What’s so fascinating about it is even when you know how it’s done — as you will by the end of the video — you still can’t help but “see” the paper dinosaur turning its head and following you wherever you go. The optical illusion works that well (that is to say, our brains work that curiously). Even after knowing the trick we can’t help but play along.
I find critiques of the category religion to be much the same. The category — in concert with a host of other markers, such as choice, freedom, experience, belief, privacy, individual, etc. — works so well that even when we’re trying to study it as a taxon, as a socio-political technique that names, organizes, and thereby makes sense of our world, we still, unthinkingly, default back to it and use it as if it names empirical realities staring us in the eyes. For we critique the notion of world religions but still end up talking about Judaism and Shinto in the same sentence, as if they’re obviously members of the same family. Or we move away from talking about Buddhism and instead rename it the Buddhist worldview or the Buddhist tradition, as if a change of name for the same old things, or a move from nouns to adjectives, suffices.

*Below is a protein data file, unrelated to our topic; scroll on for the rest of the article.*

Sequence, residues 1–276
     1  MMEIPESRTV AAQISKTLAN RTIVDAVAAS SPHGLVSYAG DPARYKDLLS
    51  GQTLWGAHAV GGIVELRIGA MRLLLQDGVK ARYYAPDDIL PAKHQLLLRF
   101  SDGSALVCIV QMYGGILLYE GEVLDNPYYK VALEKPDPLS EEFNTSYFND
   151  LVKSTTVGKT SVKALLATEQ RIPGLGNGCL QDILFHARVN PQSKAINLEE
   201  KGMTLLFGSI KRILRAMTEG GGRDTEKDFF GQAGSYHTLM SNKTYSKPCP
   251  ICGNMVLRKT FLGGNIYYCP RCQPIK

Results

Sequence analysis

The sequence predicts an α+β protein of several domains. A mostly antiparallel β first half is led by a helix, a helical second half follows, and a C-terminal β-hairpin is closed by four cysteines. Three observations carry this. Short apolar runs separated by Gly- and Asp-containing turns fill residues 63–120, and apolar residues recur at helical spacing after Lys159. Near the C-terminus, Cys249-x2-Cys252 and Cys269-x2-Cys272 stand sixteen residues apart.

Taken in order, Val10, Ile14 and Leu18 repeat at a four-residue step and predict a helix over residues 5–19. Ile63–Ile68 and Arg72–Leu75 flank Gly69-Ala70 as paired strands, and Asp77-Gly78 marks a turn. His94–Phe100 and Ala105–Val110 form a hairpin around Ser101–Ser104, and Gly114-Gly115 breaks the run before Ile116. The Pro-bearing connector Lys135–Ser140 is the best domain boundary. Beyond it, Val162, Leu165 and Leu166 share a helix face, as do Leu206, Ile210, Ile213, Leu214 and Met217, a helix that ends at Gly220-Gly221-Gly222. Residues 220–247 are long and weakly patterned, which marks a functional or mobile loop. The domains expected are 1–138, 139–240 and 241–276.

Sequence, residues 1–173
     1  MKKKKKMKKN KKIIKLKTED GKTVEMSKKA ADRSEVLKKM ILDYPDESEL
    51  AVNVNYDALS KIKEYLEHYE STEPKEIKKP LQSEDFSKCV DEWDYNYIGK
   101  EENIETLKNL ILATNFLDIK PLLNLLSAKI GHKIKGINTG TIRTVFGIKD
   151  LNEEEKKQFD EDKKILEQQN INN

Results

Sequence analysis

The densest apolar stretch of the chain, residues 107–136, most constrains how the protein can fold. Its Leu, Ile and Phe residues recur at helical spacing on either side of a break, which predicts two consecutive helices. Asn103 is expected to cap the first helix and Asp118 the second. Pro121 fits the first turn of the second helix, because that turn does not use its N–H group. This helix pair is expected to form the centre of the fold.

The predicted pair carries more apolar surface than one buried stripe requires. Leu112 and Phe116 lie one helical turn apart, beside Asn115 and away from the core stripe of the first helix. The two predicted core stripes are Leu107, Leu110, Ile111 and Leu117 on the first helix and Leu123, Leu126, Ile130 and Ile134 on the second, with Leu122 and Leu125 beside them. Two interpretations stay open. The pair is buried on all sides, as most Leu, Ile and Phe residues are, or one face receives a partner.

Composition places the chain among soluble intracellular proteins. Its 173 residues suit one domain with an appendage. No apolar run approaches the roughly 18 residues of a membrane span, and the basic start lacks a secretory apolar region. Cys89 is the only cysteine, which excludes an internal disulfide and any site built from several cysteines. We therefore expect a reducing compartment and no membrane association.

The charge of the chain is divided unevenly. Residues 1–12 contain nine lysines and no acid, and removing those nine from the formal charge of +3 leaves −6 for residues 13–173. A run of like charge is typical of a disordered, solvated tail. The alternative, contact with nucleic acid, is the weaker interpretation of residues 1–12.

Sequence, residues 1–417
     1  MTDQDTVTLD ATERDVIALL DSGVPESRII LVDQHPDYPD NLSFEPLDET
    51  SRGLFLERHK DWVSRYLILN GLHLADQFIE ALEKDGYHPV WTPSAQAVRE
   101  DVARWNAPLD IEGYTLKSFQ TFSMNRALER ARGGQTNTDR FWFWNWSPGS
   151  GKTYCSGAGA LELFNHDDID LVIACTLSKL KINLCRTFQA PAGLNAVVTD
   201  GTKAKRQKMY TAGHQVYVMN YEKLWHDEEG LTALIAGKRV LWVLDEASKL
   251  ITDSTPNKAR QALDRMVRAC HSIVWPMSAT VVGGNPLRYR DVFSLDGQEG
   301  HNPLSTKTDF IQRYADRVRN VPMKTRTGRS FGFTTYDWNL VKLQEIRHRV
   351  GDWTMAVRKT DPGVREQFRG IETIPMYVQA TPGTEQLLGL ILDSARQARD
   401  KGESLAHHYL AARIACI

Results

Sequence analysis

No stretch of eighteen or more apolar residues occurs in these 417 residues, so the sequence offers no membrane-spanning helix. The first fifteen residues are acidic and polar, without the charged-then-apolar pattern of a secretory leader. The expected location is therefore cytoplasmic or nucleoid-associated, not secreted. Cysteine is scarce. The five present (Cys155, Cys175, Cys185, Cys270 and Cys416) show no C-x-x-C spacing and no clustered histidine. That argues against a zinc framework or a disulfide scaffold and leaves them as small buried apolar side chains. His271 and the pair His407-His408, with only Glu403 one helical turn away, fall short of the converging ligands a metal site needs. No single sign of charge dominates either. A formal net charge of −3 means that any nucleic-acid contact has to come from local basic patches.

That many of us — despite our best efforts — can’t seriously rethink the category tells us something, I think, about how well it works (that is to say, how curiously our social groups work).